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Pediatric Therapy for Low Muscle Tone

What is low muscle tone in children?

You’ve been told by your pediatrician that your child has hypotonia, otherwise known as low muscle tone, and he or she may need pediatric therapy for low muscle tone. Low muscle tone in children can be very confusing, because sometimes your child can seem very strong, despite a low muscle tone diagnosis. In this blog, we share more about low muscle tone in children and some pretty cool play therapies you can do to help your child overcome challenges of low muscle tone.

smiling young boy jumping

Low muscle tone is the term to describe muscles that are floppy. Children and babies with low muscle tone often need to put in more effort to move properly, have a hard time maintaining posture and have delays in motor, feeding and verbal skills. Low muscle tone can be caused by issues with the muscles or nerves, but often the cause is unknown. Fortunately, with pediatric therapy and at home activities, you can help your child to become stronger and low muscle tone will be less of an issue as they age.

Babies with low muscle tone will feel floppier than babies without low muscle tone that feel “sturdier”. Children with low muscle tone may have increased flexibility, poor posture, get tired easily and have delays in reaching motor milestones like sitting, crawling or walking. It’s even possible for a child with low muscle tone to be very strong when they exert themselves, so it’s important to get an accurate diagnosis, so you can seek the proper pediatric therapy.

Is pediatric therapy needed for low muscle tone?

Because children with low muscle tone are unique, they often need a variety of therapies to help them reach their goals. This can range from occupational therapy, physical therapy and speech therapy.

Pediatric occupational therapy will help children with their handwriting, daily care activities, feeding, coordination and strength.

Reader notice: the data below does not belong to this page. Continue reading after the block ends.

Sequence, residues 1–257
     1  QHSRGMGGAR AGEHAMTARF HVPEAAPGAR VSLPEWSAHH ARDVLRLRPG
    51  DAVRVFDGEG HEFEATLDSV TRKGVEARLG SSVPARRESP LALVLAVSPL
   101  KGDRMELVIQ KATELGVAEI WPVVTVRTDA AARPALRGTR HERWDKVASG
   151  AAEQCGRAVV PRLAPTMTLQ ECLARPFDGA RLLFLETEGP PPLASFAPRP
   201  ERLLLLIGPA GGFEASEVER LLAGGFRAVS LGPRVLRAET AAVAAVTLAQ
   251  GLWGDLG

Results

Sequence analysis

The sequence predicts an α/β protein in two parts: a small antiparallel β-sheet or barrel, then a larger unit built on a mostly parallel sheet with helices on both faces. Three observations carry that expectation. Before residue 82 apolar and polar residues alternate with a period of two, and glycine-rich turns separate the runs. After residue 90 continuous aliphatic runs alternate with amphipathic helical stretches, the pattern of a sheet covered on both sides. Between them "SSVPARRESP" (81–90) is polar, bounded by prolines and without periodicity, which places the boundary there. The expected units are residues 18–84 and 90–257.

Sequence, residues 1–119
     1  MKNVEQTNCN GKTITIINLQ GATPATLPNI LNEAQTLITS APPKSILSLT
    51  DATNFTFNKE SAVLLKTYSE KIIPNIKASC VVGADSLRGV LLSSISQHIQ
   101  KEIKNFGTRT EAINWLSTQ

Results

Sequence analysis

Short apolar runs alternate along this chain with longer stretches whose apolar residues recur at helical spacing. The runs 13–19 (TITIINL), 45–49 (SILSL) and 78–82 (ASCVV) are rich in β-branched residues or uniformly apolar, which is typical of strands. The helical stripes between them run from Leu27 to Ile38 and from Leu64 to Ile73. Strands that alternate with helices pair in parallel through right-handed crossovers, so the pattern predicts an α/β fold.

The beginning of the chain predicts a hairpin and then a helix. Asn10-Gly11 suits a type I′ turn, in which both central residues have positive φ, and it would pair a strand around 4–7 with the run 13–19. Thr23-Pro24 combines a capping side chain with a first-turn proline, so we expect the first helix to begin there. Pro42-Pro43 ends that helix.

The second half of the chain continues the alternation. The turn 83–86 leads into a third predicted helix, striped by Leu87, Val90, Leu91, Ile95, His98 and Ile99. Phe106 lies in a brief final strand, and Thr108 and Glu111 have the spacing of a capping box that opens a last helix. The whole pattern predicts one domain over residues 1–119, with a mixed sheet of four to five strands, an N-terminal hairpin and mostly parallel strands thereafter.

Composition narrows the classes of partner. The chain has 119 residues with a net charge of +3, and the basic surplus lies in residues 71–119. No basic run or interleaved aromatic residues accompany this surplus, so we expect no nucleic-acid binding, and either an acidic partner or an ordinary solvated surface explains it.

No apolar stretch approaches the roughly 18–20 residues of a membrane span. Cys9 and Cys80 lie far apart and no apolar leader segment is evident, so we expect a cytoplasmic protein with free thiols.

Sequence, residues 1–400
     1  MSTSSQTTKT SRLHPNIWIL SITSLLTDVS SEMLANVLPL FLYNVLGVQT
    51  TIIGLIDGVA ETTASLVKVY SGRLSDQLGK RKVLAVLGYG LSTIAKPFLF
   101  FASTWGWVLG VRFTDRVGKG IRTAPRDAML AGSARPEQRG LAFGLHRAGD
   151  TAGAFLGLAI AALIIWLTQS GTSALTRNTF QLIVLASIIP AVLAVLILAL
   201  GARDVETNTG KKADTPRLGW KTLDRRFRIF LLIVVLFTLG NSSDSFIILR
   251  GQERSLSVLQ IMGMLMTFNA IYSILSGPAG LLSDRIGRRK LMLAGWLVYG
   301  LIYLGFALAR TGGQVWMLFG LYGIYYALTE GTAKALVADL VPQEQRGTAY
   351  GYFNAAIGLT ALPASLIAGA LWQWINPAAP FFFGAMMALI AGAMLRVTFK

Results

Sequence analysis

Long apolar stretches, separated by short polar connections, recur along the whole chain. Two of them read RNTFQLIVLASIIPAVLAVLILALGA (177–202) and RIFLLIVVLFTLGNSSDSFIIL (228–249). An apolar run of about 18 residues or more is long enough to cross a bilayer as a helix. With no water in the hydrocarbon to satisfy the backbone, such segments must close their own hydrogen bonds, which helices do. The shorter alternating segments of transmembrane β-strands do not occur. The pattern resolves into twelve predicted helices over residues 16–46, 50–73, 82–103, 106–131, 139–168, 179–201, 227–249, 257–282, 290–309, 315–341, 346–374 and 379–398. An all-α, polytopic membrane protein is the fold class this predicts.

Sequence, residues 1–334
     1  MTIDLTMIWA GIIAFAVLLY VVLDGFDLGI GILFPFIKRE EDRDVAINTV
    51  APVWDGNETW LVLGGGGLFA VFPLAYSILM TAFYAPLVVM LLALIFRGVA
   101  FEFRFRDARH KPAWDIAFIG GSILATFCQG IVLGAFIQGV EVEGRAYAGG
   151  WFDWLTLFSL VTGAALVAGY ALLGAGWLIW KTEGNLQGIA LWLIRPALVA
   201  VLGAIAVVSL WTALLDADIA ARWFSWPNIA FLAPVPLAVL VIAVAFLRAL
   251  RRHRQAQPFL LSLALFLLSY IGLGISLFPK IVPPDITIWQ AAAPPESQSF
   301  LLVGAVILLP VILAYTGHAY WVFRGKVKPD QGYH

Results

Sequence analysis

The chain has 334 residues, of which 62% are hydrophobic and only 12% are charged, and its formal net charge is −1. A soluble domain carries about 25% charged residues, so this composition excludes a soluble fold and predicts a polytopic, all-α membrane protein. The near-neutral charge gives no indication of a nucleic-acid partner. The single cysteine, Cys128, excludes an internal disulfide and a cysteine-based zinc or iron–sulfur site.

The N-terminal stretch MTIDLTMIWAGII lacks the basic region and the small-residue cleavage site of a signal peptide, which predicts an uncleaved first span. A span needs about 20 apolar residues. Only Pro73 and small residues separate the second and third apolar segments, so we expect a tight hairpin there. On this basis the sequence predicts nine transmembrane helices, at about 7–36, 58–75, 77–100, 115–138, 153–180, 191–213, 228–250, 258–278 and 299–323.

Pediatric physical therapy will help kids with low muscle tone develop gross and fine motor skills by strengthening muscles and addressing functional skills and physical delays.

Pediatric speech therapy may be needed if the muscles in your child’s face need strengthening.

In addition to structured pediatric therapy, kids can benefit from everyday therapeutic play activities that will also strengthen their muscles.

What pediatric therapies are good for my child with low muscle tone?


Swimming is an ideal activity for children with low muscle tone. Water adds buoyancy, resistance and engages muscles while also eliminating some of the weight of gravity. You can begin this activity when your child is a baby and continue it throughout his or her development. Water also tends to relax most children, making this an even better therapeutic activity because kids with low muscle tone tend to stiffen up when trying to support themselves.

There are a few flotation devices that can help a baby or toddler with low muscle tone in the water. An “aquatic neck ring” is a great device for babies. Two common brands and varying prices worth looking into are Waterway Babies and Otteroo. In a neck ring, the baby is able to float comfortably with their entire body below the surface of the water and use their arms, legs, and trunk muscles to move about. For toddlers, a Puddle Jumper is a preferred option. You an find these devices online and via most major chain stores. Puddle Jumpers are coast guard approved and they encourage maximal movement and strengthening in the water.